Ben Bengtson / North Shore News
Grade 12 Seycove Secondary student Reese Findler is organizing a benefit concert called Perform for Pride Jan. 13 at the Deep Cove Shaw Theatre. The performance will benefit Rainbow Refugee, a Vancouver-based group that supports LGBTQ+ refugees who are seeking protection in Canada. photo Mike Wakefield, North Shore News
Perform for Pride, organized by Reese Findler and featuring local talent performing in order to raise money for Rainbow Refugee, Jan. 13, 7 p.m., at Deep Cove Shaw Theatre, 4360 Gallant Ave., North Vancouver. Tickets ($15) and info: performforpride.brownpapertickets.com
Far removed from the glorified image of a wheeling-and-dealing producer – slick sunglasses, a sports car, mobile device in hand, maybe a bad tan – Reese Findler says putting together a production is rewarding, yes, but perhaps not so glamorous.
“It’s a lot of emailing,” explains the Grade 12 Seycove Secondary student.
But for Findler, who’s the president of her school’s Gender and Sexuality Alliance, all the emailing, hard work and stress is well worth it.
She’s putting together a benefit concert called Perform for Pride that will benefit a local organization that supports the LGBTQ+ community, a group that she and her school’s alliance are passionate about raising awareness for.
“My family’s always been super open, so I kind of grew up from a young age with that mindset, and I was never super aware as a child because of that, of the things that happen,” she tells the North Shore News.
“I homeschooled for a couple of years so I wasn’t super exposed to the public school system. Once I got into high school it’s super prevalent – homophobia – especially in the younger grades.”
Findler’s Perform for Pride concert, being mounted at Deep Cove Shaw Theatre Jan. 13, will feature a slew of talented youngsters and students from around the Lower Mainland showcasing their talents in support of a good cause.
“I’m thinking it’ll be around an hour and a half and it’ll basically just feature a whole bunch of youth from around the Lower Mainland,” she says. “The Seycove senior jazz choir is performing, we have a few Seycove students performing as well. There’s some kids from Argyle performing, there’s a girl performing who actually was in Toronto a while ago for a production there, so it’s cool to get her to perform. We have a girl dancing …”.
The list goes on. Findler has been practically run off her feet organizing her first production, but she’s found she’s been particularly well-suited for such a venture.
She says that her years spent acting, singing and being involved in theatre has helped prepared her for the challenges that come with actually working behind the scenes.
“Definitely on-the-go I’ve been learning the whole time,” she says.
Both of Findler’s parents are musicians and she says she started acting and singing from a very young age.
“I remember doing shows all throughout elementary school and I did the pantomimes in Deep Cove actually for five years. My mom always directed these youth-run productions, so she would be the adult mentor for directors. I was always involved as an actor in those productions.”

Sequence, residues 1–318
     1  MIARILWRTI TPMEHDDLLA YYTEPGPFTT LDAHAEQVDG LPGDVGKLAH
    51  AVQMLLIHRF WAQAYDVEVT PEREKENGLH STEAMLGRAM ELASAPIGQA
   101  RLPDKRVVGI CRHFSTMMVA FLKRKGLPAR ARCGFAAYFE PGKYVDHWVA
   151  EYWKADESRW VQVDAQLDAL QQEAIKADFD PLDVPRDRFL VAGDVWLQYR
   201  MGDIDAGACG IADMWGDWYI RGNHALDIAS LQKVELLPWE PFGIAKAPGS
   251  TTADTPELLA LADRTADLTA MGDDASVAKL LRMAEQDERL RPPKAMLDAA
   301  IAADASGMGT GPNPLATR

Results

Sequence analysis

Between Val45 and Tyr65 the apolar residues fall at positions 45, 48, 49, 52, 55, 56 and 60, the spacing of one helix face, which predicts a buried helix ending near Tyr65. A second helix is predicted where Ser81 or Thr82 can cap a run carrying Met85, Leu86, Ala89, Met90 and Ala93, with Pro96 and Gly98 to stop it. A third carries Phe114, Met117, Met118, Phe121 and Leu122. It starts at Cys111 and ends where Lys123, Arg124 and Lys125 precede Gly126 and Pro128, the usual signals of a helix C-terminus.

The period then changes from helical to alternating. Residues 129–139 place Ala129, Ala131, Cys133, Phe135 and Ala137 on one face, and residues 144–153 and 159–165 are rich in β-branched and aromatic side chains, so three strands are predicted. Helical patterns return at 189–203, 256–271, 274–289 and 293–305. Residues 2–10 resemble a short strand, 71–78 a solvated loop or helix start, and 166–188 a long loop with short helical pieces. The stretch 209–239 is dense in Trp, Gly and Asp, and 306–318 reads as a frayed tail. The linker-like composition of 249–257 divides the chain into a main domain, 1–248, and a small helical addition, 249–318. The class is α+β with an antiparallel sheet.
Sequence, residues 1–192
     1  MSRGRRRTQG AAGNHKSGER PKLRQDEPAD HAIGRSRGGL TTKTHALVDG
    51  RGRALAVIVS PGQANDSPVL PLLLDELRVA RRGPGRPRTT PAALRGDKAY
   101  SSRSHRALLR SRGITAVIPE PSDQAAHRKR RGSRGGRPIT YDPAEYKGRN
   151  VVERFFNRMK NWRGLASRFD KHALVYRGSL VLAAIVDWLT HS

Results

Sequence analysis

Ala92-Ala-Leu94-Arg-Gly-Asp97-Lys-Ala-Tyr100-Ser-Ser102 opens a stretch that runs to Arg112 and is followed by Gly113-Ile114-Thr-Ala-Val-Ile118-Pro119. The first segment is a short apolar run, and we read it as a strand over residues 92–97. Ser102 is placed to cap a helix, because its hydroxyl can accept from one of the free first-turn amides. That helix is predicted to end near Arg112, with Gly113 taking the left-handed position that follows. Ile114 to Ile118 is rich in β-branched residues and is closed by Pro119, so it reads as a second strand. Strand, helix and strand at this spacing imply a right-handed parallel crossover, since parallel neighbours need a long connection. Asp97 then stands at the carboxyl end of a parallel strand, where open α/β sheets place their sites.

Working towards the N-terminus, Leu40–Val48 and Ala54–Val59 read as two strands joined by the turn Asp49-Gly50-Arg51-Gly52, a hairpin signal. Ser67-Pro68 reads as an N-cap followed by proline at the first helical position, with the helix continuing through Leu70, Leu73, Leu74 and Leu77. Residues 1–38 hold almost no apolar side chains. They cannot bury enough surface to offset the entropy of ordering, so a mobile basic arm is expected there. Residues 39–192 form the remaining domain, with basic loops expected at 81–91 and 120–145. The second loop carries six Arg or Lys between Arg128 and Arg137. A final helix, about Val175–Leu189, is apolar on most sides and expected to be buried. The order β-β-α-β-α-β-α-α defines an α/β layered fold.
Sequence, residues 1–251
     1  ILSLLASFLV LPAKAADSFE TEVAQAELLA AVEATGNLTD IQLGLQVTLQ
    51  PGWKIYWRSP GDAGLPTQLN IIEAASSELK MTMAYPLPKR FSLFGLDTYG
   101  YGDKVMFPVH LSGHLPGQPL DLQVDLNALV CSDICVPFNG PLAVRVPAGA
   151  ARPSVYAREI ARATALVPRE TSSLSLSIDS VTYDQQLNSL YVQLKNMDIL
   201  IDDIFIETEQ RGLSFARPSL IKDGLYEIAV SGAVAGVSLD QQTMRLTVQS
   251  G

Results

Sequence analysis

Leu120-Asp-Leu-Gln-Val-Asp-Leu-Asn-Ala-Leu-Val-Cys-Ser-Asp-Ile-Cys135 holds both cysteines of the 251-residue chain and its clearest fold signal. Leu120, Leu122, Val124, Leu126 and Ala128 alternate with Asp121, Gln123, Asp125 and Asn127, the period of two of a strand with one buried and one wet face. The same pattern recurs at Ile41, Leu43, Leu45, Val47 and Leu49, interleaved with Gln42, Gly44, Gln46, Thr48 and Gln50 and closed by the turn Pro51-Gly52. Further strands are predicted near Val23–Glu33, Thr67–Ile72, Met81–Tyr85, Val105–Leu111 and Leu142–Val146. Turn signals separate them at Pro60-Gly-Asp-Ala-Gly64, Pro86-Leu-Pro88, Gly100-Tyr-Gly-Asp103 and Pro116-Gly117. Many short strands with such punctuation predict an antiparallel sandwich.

But Findler says that while her heart is always with performing she has had the urge to work behind the scenes ever since she saw other benefit gigs in action.
In New York, Findler was moved by Cabaret for a Cause, a series and group of young professionals that put on performances to benefit a charitable organization.
“After this I really started to think about how I could organize something like that, and then this summer in Seattle I went to a concert called Concert for America in July,” which benefits similarly upstanding organizations, she says.
“It was so cool to see a whole bunch of kids come together because it’s not often that you see young kids promoting that. I liked that because I’ve been an actor for a long time so I always wanted to do something more in the organizing side. I’ve always wanted to do something more behind the scenes because I had always been onstage.”
Findler’s Perform for Pride concert will benefit Rainbow Refugee, a Vancouver-based organization that supports LGBTQ+ refugees who are seeking protection in Canada due to persecution abroad because of sexual orientation, gender identity or gender expression.
The goal, she says, is to sell out the 130 seats inside the Shaw Theatre.
In 2015, Seycove’s Gender and Sexuality Alliance was instrumental in getting a gender neutral washroom installed at the school in what would become a first for the North Vancouver school district.
Perform for Pride is another notch in Findler, and by extension the alliance’s, long list of advocacy work for the LGBTQ+ community.
She says she is most excited for the performance’s closing number, which will feature the Seycove senior jazz ensemble accompanied by every other performer in the show joining together in harmony.
“I think it’ll be a powerful number.”
“It doesn’t matter how old you are, your level of talent … there are ways to reach out to the community and support something that you’re passionate about,” she says.
Asked how it feels to work behind the scenes as opposed to being front and centre performing, Findler counters that she’ll be doing – and has done much more – than just procuring the venue, arranging ticket sales, promoting the event, holding auditions, in addition to directing and producing everything.
“I’m also performing – singing – as well in this benefit concert,” she says. “It’s the best of all worlds.”
To read the original article, please visit NSNews.com: http://www.nsnews.com/entertainment/music/youth-organizes-benefit-concert-to-support-lgbtq-community-1.23132529.